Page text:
The cases under the act can be tried only in a special courts set up for this purpose.

Congress leader Shaktisinh Gohil objected to the provisions of the Bill and said that some of them are even unconstitutional. He told the House that the provision of confession before a police officer is contradictory with Indian Evidence Act as according to Section 164 of CrPC and Indian Evidence Act, a statement before the magistrate can only be considered as an evidence.

On the provision of not releasing an accused on bail, Gohil said the provision is unconstitutional which deprives the right of an accused to get released on bail on his own bond.

However, the government justified the provisions in the Bill by saying that existing legal frame work like the penal and procedural laws and adjudicatory system have been found to be rather inadequate to curb or control the menace of organised crime.

“It is therefore considered necessary to enact a special law with stringent and deterrent provisions,” the state government said in the objectives of the Bill.

About the provision of telephonic interceptions, the ‘Statement of Objects and Reasons’ in the Bill states that this is necessary in these times where organised criminal syndicates make extensive use of wire and oral communication. It says that the interception of such communication to obtain evidence is inevitable and an indispensable aid for the law enforcement.

The bill also came under attack from social activists like Medha Patkar who said it has “dangerous implications”.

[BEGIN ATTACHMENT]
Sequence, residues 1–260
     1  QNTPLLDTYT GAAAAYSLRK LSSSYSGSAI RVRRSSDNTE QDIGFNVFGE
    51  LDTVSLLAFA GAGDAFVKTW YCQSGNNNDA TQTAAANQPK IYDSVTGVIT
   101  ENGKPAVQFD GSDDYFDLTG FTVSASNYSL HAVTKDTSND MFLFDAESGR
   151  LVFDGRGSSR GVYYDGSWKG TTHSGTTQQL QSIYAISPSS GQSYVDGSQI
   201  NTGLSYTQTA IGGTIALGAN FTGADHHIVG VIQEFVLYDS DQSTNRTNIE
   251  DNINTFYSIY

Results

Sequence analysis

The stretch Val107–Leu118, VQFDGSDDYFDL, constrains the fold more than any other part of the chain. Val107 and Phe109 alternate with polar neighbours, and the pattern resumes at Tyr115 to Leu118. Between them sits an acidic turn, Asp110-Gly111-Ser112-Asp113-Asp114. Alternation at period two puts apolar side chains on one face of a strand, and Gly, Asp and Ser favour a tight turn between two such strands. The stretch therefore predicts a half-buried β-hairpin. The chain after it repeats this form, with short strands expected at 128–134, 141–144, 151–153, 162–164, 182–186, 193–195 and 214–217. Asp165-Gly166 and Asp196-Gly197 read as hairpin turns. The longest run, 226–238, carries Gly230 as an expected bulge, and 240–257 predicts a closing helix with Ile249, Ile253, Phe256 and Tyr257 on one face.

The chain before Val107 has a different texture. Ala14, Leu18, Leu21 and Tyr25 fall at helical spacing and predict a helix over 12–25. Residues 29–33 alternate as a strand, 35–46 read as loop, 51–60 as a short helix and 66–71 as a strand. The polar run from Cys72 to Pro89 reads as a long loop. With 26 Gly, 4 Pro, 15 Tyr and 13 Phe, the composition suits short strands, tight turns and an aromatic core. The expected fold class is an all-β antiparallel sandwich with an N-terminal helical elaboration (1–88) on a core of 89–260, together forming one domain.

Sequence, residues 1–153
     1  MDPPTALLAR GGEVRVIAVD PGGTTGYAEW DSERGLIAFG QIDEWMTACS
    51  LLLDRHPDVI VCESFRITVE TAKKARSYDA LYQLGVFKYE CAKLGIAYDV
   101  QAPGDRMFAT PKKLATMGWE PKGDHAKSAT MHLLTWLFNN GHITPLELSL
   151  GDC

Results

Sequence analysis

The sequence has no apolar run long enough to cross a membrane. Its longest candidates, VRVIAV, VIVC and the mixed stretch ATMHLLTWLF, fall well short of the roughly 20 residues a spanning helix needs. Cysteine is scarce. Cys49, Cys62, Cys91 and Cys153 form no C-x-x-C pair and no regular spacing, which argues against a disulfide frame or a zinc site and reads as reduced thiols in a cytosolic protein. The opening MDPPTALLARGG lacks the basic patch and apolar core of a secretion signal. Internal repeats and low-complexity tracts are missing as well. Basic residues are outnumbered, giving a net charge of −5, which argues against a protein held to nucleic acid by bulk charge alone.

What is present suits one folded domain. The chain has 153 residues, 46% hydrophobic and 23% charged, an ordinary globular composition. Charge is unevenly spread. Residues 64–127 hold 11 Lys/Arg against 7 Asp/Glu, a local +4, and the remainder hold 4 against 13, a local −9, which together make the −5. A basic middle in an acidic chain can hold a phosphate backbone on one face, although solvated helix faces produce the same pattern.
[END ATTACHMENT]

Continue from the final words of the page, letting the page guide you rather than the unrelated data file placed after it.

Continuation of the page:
“It is a very very dangerous situation for the rights of the people,” she said.

However, the government justified the provisions by saying that the existing legal frame work like the penal and procedural laws and adjudicatory system have been found to be rather inadequate to curb or control the menace of organised crime.

Former President APJ Abdul Kalam had in 2004 raised objections over section-14 (telephonic interception as evidence) and returned the bill to the government led by the then chief minister Narendra Modi, asking it to remove the clause.

Later in 2008, the Bill was passed after deleting the clause related to interception of communication, as per the suggestion of Kalam.

However, then President Pratibha Patil rejected it and suggested some more amendments. One of them was to eliminate the provision which allows admissibility of confession made before a police officer in the court as evidence. However, ignoring the suggestion, the state government had once again passed the bill in 2009 for the third time and sent it for President’s approval. The old Bill is still pending with the President.

But, the ruling BJP hopes that as the NDA government is in power on at the Centre, the new bill is sure to pass the test there.

Posted by on March 31, 2015. Filed under Nation. You can follow any responses to this entry through the RSS 2.0. Both comments and pings are currently closed.